Yet Petro doubled down on his stance by saying Mossad, Israel’s spy agency, created Hamas. In response, Ambassador Dagan sarcastically wrote:
“It is true, Mr. President @petrogustavo, as you wrote in this trill, indeed #Hamas is an invention of the Mossad. However, I would like to share with you additional information from our intelligence services, which are some of the best in the world: The Elders of Zion founded the Gulf Clan. There are still Jews, with large, aquiline noses, who command the Gaitanista Self-Defense Forces of Colombia.”
Colombian Foreign Minister Alvaro Leyva Duran joined the spat, asking the envoy to “at least apologize and leave.” He later explained that he did not intend to expel the envoy, but only asked him to be more respectful.
Petro, however, pinned a tweet that proclaimed: “If we have to suspend foreign relations with Israel, we suspend them. We do not support genocides.”
“Someday the army and government of Israel will ask us for forgiveness for what their men did in our land, unleashing the genocide. I will hug them and they will cry for the murder of Auschwitz and Gaza, and for the Colombian Auschwitz.”
Uneven history of Israeli-Colombian relations
If Dagan’s satirical comment about the biggest paramilitary group in Colombia being led by “Jews with big noses,” as well as Petro’s comeback about “Colombian Auschwitz,” may seem a bit too specific, it’s because they are. In 2003, the leader and co-founder of the Colombian right-wing paramilitaries, known by their Spanish acronym AUC, Carlos Castano, revealed that he had been trained in Israel as a young man in the 1980s.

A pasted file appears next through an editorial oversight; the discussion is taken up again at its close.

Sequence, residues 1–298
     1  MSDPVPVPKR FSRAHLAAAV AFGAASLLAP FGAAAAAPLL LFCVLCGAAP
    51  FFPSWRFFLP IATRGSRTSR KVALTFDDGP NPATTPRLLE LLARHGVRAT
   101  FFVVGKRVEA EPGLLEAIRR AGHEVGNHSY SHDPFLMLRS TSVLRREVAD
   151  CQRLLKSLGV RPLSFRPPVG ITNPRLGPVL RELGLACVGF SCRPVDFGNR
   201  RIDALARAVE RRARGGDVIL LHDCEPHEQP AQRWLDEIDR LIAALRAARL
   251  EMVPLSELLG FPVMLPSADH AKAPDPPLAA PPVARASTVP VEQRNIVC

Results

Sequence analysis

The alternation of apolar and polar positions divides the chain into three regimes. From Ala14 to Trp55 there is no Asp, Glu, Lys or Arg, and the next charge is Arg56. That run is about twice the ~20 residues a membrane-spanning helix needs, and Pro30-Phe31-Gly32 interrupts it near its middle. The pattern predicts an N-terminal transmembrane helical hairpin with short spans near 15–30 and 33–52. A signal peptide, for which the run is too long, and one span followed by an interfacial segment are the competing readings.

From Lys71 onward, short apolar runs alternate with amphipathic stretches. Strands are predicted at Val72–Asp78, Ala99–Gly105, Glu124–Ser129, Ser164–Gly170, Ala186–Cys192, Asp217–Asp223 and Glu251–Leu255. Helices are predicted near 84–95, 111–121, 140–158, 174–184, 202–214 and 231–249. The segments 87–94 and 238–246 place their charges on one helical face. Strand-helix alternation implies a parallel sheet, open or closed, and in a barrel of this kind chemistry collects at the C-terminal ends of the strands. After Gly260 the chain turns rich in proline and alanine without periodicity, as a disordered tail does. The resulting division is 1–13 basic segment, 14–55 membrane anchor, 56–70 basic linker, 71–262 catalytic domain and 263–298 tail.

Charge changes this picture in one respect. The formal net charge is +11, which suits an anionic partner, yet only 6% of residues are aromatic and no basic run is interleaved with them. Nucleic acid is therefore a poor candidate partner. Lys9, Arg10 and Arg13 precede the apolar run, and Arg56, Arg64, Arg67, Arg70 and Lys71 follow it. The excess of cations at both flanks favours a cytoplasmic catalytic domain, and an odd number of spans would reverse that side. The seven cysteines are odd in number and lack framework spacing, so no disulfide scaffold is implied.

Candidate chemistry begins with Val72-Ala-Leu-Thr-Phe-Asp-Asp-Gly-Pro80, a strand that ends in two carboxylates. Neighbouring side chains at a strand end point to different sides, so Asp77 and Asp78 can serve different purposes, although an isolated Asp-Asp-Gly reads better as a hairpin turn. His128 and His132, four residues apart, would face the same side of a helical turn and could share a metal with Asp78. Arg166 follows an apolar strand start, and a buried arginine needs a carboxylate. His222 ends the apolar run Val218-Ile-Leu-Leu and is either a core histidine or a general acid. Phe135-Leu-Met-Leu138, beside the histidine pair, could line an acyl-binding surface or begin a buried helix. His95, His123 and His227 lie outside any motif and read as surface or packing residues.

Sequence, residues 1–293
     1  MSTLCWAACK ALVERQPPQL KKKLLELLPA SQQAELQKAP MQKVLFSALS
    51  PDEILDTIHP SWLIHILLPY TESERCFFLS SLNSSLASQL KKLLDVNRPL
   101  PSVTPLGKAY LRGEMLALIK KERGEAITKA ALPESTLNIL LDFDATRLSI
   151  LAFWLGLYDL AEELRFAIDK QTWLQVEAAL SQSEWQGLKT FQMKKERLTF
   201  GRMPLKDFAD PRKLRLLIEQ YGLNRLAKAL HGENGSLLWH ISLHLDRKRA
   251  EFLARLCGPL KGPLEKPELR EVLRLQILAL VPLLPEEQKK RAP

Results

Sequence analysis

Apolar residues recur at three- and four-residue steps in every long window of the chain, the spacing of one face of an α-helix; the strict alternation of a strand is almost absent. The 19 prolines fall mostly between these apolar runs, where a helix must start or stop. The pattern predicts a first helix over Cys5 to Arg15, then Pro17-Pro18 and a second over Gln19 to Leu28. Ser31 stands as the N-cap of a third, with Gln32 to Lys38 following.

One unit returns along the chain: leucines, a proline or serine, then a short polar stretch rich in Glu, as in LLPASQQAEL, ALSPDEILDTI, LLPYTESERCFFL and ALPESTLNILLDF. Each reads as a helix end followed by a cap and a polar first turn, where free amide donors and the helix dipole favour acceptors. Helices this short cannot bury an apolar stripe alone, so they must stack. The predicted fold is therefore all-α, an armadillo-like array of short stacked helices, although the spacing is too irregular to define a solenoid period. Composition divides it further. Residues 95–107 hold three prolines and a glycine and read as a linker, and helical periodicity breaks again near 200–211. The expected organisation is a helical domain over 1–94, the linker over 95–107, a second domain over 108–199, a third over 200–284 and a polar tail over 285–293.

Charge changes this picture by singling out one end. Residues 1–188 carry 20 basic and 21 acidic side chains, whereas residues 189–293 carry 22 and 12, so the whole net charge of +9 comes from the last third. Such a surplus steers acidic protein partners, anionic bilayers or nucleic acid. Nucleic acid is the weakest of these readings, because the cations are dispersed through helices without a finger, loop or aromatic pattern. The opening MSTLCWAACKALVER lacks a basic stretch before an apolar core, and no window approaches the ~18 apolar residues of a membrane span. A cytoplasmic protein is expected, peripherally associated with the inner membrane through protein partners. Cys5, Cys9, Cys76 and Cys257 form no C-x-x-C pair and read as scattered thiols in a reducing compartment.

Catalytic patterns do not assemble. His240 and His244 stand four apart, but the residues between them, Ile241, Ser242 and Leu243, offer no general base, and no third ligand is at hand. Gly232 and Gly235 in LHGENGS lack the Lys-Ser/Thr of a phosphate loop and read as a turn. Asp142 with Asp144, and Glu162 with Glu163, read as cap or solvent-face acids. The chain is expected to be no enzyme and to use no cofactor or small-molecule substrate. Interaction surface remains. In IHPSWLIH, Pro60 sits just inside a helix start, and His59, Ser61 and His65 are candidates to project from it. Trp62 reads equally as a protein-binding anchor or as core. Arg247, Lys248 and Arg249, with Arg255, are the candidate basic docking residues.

The AUC originated as a band of killers hired to protect drug-running operations and large landowners. Castano organized them into a solid group in 1997, and was branded “one of the most feared men” in the country.
The Colombian secret police reported in 1989 that besides training Castano in 1983, Israelis also arrived in Colombia in 1987 to train him along with other paramilitaries who would later become the AUC. Israel later welcomed 50 of the “best” trainees on a scholarship program.
The AUC emerged as the preeminent paramilitary group in the region, boasting a membership of approximately 10,000 to 12,000 armed individuals. The group carried out a fresh wave of massacres and targeted killings, frequently with the tacit or overt support of segments within the Colombian government’s security apparatus, as reported by human rights organizations.
Colombian AUC paramilitaries consistently required weaponry, and it’s unsurprising that some of their primary sources for arms originated from Israeli connections. Israeli arms dealers have maintained a significant presence in neighboring Panama and in Guatemala for an extended period.
The AUC had been demobilized by 2008. It was designated as a terrorist organization by many countries, including the US and Canada, as well as the European Union.
In one of his tweets, Petro mentioned two Israeli names. “Neither the Yair Klein nor the Raifal Eithan (Rafi Eitan — RT) will be able to say what the history of peace in Colombia is. They unleashed the massacre and genocide in Colombia,” he said.
Klein was a former Israeli military man, who was accused of training death squads of drug traffickers and right-wing militias in Colombia in the 1980s. Eitan is mainly renowned for apprehending the Nazi war criminal Adolf Eichmann in Argentina. Yet, he also had a pivotal role in some of Mossad’s less savory operations. Eithan once commented that “all intelligence work is a partnership with crime. Morals are put aside.” Virgilio Barco, who took office in Colombia in 1987, covertly brought the experienced Mossad agent Rafi Eitan to the country to seek guidance on countering the FARC – Revolutionary Armed Forces of Colombia. Eitan was the one who helped bring 20 Israeli Kfir fighter jets into the country that were used against the FARC.
Following the revelation of Israelis training Colombian paramilitaries, the rapport between these two key Washington allies experienced a downturn, as indicated by US diplomatic cables unveiled by WikiLeaks. However, with the implementation of Plan Colombia, the partnership between Israel and Colombia was revitalized.